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13 April 2024 Daily Current Affairs

1. India to access critical minerals from Congo

India in talks with Democratic Republic of Congo for copper and cobalt

India is looking to secure access to critical minerals like copper and cobalt from the Democratic Republic of Congo. A draft Memorandum of Understanding (MoU) has been shared with Congolese officials, and a final agreement is expected within three months.

MoU to allow exploration and potential mining

The MoU would allow India to conduct mineral exploration in Congo. If successful, India would be able to commercially extract the minerals.

Agreement similar to Argentina lithium deal

V.L. Kantha Rao, Secretary of the Union Ministry of Mines, said the government-to-government MoU will be finalized similarly to the one signed for lithium blocks in Argentina.

Signing expected in June

The final MoU with Congo is expected to be signed around June 2024.

Copper and cobalt critical for India's energy transition

The Indian government has identified copper and cobalt as critical minerals. Copper is essential for power cables, wind turbines, electric vehicles, and solar panels, playing a key role in India's energy transition. Cobalt is a vital component in batteries, and Congo is the world's largest supplier.

Editorial Explained: -

Wildlife Rescue in India: Beyond Capture and Relocation

The Ideal of Rescue

  • Rescue implies saving an animal from danger or difficulty.

  • It highlights the hope for animal survival and the complexities of human-wildlife coexistence.

Challenges of Reactive Capture

  • Frequent human-wildlife conflicts lead to capture and relocation, often unsustainable or fatal for animals.

  • Distinguishing true rescue from capture can be difficult.

Capture vs. Rescue: Examples

  • True Rescue: Leopards trapped in wells, elephants stuck in tanks, snakes in houses, or separated calves.

  • Unnecessary Capture: Leopards killing livestock or elephants damaging crops don't always require capture.

Ignoring Capture Guidelines

  • Central government discourages leopard/elephant capture based solely on sightings.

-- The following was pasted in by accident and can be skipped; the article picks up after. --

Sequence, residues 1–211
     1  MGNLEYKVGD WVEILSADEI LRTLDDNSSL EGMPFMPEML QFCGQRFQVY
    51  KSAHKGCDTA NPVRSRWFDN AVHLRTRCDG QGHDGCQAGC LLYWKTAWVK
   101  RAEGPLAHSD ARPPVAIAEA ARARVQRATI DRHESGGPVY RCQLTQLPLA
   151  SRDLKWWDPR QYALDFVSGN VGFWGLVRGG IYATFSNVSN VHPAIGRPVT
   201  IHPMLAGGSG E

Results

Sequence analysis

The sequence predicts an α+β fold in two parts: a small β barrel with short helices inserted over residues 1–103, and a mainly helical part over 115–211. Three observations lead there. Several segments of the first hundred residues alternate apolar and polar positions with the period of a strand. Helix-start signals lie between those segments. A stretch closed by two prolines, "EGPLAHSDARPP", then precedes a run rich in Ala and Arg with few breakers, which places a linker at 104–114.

• Preventive measures are recommended, with capture as a last resort.

  • This advice is often ignored, leading to harm and death of animals (e.g., south India elephant capture).

The Problem with Snake "Rescue"

  • High frequency of snake interactions leads to poor handling and unnecessary removal.

  • Relocation has low survival rates and doesn't solve conflict (creates a vacuum for other snakes).

  • These "rescues" harm snakes and don't address the root cause of conflict.

Rescue as Villainizing One Side

  • "Rescue" terminology implies one species threatens another.

  • This approach pits humans against animals and hinders conservation efforts.

Moving Towards Coexistence

  • We need to see human and wildlife as a shared community.

  • Conflict resolution should prioritize:

  • Realistic situation assessment

  • Minimizing animal stress

  • Ethical interventions considering both human and animal welfare

Proactive Solutions

  • Karnataka Forest Department's model: early warning systems, monitoring, fencing, education, waste management.

  • More research and resources are needed for innovative conflict resolution strategies.

Responsible Relocation

  • Relocation disrupts two ecosystems.

  • Animal welfare needs must be considered during relocation.

The Goal: A Win-Win Situation

We need approaches that benefit both humans and wildlife for long-term success.

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